October 31, 2018: In September the U.S. Air Force used 841 smart bombs and missiles (28 a day) in airstrikes. That was 18 percent more than in August and double what it was in September 2017. The September 2018 numbers were the highest monthly use since late 2010. The Taliban want the Americans gone in large part because of the greater use of airstrikes by American and Afghan warplanes and changes to the ROE (Rules of Engagement). In 2017 American commanders were again allowed to determine the ROE for U.S. troops overseas, especially in places like Syria and Afghanistan. For example in Afghanistan U.S. troops can now fire on the Taliban even when the Taliban are not firing on them and at long distance. Afghan civilians, the most frequent victims of Taliban violence, complained when the U.S. gradually changed its ROE after 2008 to make it impossible for Americans to fire on the Taliban when Afghan civilians were nearby. When asked Afghan civilians pointed out that was when they most needed the Americans to open fire. As the Afghan air force carries out more airstrikes (about a dozen a day by mid-2018) the Afghan ROE has reduced the enemy use of human shields. The Afghan ROE ignores human shields and puts the priority on killing Taliban or ISIL fighters. This made human shields in general much less effective, even though most of the air strikes are carried out by foreign (usually American) warplanes. So far in 2018 American aircraft are carrying out airstrikes at the highest rate ever (about eighteen bombs or missiles used a day) and a third higher than the previous peak year (2011). The greater availability of air strikes encourages Afghan security forces to be more aggressive.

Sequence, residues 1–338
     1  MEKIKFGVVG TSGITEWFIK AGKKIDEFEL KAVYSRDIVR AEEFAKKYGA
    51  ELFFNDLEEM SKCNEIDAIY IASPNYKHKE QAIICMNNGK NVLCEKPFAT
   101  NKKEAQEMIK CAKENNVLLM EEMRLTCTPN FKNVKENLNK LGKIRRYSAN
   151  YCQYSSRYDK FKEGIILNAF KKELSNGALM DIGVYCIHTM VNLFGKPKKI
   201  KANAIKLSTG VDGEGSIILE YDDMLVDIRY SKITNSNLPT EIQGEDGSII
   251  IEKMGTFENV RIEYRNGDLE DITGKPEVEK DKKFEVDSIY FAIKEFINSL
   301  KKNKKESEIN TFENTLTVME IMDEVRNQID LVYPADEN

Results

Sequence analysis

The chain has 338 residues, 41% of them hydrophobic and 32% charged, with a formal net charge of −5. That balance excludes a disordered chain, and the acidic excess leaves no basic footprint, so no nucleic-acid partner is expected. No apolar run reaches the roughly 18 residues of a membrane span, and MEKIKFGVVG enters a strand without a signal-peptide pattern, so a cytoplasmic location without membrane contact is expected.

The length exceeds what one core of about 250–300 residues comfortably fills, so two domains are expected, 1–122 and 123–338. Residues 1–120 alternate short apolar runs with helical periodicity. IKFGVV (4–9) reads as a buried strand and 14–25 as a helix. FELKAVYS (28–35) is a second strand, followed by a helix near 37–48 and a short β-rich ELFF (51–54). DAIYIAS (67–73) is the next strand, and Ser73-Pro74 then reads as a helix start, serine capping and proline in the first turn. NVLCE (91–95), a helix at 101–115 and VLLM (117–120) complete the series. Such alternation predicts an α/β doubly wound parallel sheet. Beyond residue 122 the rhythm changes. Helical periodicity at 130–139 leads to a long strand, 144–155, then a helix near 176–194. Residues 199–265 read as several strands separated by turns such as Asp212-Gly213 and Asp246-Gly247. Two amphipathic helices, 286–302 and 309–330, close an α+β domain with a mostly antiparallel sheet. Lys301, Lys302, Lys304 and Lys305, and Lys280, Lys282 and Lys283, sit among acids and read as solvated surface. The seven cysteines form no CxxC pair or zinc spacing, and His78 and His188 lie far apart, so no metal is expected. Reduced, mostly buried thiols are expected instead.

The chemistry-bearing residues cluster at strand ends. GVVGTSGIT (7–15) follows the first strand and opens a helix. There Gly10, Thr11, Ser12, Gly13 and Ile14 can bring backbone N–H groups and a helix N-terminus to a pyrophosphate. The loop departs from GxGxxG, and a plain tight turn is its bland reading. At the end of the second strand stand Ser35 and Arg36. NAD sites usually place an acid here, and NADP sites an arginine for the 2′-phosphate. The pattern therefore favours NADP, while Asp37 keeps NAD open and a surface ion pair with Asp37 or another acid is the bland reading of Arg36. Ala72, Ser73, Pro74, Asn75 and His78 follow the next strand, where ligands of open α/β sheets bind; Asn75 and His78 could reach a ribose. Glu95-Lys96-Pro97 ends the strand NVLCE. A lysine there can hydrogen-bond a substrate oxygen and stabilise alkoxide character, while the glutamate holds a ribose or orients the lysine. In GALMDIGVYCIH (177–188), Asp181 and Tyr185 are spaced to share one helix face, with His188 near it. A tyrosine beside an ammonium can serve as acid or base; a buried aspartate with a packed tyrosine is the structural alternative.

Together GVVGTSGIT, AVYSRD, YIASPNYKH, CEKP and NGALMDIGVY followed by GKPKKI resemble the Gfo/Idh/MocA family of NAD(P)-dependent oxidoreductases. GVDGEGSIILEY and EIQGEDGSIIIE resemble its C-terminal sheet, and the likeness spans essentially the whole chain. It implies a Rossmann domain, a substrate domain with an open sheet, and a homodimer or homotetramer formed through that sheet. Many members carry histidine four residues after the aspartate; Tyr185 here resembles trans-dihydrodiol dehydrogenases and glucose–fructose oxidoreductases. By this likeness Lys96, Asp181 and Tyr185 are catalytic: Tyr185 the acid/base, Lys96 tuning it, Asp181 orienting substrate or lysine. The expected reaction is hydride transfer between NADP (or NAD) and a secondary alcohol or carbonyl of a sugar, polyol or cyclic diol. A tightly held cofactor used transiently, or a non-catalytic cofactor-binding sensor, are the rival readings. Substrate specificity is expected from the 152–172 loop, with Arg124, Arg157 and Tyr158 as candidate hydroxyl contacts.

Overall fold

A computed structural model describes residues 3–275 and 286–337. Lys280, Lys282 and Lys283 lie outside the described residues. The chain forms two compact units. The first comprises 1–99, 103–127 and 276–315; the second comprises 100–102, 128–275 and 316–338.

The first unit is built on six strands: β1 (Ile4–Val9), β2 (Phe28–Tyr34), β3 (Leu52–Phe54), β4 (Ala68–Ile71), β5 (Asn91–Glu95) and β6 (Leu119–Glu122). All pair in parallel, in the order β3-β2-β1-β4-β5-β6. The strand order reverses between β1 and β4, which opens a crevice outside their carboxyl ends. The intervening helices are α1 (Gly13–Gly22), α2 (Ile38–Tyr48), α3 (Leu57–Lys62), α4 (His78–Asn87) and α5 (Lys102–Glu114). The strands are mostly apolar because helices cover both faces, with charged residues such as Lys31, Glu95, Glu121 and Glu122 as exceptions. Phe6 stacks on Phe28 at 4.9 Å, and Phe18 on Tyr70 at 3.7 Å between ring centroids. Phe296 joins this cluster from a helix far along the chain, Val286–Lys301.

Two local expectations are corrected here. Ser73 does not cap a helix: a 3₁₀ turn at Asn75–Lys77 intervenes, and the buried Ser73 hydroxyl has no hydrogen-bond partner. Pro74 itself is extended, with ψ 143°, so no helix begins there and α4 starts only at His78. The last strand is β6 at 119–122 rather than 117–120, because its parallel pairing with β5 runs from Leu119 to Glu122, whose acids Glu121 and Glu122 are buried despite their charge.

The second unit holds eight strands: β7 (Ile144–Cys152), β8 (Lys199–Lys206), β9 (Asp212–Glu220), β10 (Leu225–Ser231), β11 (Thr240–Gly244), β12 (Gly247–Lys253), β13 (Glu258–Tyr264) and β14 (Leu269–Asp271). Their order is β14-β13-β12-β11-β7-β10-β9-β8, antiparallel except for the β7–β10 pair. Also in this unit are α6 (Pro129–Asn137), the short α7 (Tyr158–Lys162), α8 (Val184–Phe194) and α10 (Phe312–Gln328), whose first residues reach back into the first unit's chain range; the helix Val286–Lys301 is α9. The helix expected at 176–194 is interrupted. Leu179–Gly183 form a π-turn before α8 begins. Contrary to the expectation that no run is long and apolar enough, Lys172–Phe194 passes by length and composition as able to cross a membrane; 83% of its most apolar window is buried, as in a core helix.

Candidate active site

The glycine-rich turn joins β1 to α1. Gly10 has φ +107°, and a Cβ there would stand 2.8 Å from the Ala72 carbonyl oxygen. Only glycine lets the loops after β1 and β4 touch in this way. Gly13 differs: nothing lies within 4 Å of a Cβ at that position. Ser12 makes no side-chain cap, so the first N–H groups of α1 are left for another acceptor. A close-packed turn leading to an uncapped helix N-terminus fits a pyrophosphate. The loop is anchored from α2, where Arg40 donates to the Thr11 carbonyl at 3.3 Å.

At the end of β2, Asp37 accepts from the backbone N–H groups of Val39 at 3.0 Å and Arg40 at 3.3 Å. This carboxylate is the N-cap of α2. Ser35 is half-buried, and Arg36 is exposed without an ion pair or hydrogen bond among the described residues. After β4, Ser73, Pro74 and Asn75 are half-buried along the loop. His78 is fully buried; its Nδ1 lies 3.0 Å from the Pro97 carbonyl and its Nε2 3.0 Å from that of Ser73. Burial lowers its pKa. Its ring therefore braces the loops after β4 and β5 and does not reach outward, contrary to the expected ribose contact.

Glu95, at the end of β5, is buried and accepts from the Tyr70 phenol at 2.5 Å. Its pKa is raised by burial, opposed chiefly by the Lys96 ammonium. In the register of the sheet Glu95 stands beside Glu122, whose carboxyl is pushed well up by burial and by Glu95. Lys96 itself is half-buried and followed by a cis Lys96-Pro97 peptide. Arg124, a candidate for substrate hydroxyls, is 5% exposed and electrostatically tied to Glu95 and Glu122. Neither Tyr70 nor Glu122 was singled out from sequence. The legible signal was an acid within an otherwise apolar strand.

October 28, 2018: In the southeast (Paktia province), an American UAV used a missile to destroy a vehicle and kill five Taliban.